Bridal Wreath, Spirea nipponica, is also known as Snowmound Spirea, and is a vast improvement over the old yard white spirea, found in heirloom gardens. Bridal Wreath Spirea is very cold hardy to zones 4 – 8.
Gardenia shrubs, Gardenia jasmionoides, is the dwarf-form of the sweetly scented Gardenia. Ever blooming Gardenia shrub, Gardenia jasminoides 'Veitchii' is a very improved gardenia, with grafted and large shrubs producing double-white gardenia blooms. The rare fragrance of everblooming gardenias is a growing, worthwhile garden experience.
Ligustrum, Ligustrum texanum, is grown in some gardens as a shrub with long seasonal, white flowers, that sweetly scent a passerby with a pleasing, distinct ligustrum fragrance. Ligustrum, when mature, can be stripped of lower branches, to grow into a small flowering tree, often planted at entrances as specimen trees. This plant is popular at the famous hotel resort at the Cloister, operating at Sea Island, Ga. Other cultivars of Ligustrum are planted, and most commonly grown, as privacy hedges, or to border wide sidewalks in urban settings.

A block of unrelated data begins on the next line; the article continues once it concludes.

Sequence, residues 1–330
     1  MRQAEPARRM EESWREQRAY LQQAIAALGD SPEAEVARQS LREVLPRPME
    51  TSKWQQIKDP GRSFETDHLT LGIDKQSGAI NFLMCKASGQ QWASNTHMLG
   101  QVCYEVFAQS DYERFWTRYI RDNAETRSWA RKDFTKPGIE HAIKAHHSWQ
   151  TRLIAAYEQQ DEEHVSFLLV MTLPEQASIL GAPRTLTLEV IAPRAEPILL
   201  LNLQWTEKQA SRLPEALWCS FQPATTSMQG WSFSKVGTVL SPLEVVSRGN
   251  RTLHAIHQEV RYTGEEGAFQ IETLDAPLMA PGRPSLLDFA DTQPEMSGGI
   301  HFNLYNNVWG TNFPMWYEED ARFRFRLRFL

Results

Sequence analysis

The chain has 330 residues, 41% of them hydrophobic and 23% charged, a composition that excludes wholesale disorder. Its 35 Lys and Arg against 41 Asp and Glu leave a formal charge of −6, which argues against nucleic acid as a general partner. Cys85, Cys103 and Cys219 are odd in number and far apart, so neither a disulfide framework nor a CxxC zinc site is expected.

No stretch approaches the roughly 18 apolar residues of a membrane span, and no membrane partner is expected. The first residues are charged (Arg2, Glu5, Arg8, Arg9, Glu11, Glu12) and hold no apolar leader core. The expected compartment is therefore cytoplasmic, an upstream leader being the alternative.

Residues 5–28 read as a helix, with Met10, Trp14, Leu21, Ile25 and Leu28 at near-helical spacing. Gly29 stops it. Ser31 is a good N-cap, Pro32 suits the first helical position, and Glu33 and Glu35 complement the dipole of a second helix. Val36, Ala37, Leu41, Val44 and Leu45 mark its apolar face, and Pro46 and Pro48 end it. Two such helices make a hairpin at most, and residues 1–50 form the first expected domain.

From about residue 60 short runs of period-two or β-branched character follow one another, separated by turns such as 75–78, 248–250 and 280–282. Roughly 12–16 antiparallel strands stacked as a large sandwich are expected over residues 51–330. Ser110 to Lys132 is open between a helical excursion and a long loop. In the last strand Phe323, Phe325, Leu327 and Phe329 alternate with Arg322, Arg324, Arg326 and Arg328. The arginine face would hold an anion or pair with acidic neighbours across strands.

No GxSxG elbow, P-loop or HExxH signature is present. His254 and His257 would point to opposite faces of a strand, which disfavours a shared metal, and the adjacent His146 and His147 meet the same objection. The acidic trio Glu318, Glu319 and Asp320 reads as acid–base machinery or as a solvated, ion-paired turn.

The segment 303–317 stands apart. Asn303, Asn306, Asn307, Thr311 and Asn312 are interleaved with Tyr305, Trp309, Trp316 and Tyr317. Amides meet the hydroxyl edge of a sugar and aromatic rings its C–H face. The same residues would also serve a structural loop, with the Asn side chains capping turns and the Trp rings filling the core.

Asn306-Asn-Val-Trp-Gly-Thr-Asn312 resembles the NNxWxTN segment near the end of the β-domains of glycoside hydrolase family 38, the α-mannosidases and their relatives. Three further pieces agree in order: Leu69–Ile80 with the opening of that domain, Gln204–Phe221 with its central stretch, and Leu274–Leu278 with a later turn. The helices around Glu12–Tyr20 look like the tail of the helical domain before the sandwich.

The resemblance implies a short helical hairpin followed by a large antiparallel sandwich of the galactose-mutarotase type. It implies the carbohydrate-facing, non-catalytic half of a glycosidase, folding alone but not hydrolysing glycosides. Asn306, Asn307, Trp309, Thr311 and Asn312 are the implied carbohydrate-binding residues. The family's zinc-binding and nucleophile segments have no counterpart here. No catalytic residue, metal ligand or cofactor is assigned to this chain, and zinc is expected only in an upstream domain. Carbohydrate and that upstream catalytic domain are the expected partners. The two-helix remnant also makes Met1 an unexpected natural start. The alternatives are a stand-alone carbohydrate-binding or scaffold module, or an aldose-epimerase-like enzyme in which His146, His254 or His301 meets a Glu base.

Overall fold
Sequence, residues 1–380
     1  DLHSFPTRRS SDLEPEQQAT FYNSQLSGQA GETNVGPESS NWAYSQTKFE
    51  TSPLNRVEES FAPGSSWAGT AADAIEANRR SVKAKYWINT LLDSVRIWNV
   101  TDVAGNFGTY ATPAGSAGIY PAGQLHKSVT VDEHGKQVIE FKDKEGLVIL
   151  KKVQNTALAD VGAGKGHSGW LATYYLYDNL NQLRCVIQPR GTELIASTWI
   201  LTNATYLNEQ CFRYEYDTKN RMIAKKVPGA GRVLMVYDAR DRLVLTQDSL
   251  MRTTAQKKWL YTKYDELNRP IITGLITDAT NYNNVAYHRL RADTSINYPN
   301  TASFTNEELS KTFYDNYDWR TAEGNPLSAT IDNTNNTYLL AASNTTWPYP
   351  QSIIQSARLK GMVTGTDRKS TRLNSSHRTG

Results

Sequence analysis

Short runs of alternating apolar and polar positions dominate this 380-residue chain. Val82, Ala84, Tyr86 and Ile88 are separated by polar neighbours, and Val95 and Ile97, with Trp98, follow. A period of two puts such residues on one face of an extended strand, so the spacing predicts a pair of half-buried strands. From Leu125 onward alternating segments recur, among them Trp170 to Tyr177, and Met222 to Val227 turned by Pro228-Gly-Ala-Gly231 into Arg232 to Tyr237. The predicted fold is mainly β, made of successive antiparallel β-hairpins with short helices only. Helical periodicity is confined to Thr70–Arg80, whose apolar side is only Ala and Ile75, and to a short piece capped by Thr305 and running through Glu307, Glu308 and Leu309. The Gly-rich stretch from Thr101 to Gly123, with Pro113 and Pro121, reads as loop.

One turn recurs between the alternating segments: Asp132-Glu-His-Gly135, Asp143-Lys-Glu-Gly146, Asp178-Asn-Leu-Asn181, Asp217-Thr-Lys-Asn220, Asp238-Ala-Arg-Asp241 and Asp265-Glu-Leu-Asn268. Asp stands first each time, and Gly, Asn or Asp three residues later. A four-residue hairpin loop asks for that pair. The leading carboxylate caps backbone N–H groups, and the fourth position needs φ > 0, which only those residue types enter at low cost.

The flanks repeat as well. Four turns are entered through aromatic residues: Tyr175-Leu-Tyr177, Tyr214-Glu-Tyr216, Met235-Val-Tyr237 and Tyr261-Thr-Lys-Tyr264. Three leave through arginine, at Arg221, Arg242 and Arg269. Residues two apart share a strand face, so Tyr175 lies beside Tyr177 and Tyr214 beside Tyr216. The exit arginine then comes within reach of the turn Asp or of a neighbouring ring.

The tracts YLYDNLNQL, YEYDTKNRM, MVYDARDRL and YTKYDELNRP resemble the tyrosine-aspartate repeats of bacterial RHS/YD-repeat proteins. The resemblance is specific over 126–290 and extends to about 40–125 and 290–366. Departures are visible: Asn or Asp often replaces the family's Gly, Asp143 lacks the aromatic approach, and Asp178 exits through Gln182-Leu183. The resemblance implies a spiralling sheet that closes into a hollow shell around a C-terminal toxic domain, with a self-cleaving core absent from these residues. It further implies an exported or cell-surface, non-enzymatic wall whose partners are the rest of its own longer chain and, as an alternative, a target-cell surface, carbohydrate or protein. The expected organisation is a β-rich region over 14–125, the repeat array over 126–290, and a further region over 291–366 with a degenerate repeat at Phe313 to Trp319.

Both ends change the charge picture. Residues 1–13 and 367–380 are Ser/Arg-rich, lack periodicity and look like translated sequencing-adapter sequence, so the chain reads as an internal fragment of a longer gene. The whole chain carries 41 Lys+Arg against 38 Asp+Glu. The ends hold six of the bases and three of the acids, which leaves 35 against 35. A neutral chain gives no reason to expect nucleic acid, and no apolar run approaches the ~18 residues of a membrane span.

Oleander, Nerium oleander, is among the most salt water tolerant choices for planting in coastal gardens. Oleander shrubs flower in colors of pink, purple, red, salmon pink, white, and yellow. Very old oleander plants can grow into small flowering trees. Oleander beings blooming in May and flowers last until fall. Insects and disease avoid oleanders.
Tea Olive, Osmanthus fragrans, is very popular as a sweet scented shrub that begins blooming in fall and continues to fill the air with fragrance into spring. The aroma of Tea Olive flowers is similar to that of ripe apricots. Tea olive is an evergreen tree.
Yellow Rose of Texas, Kerria japonica 'Pleniflora', blooms in late spring, growing bright yellow flowers thickly clustered along long arching stems. Kerria japonica is very cold hardy in zones 4 – 8.
Deciduous Flowering Shrubs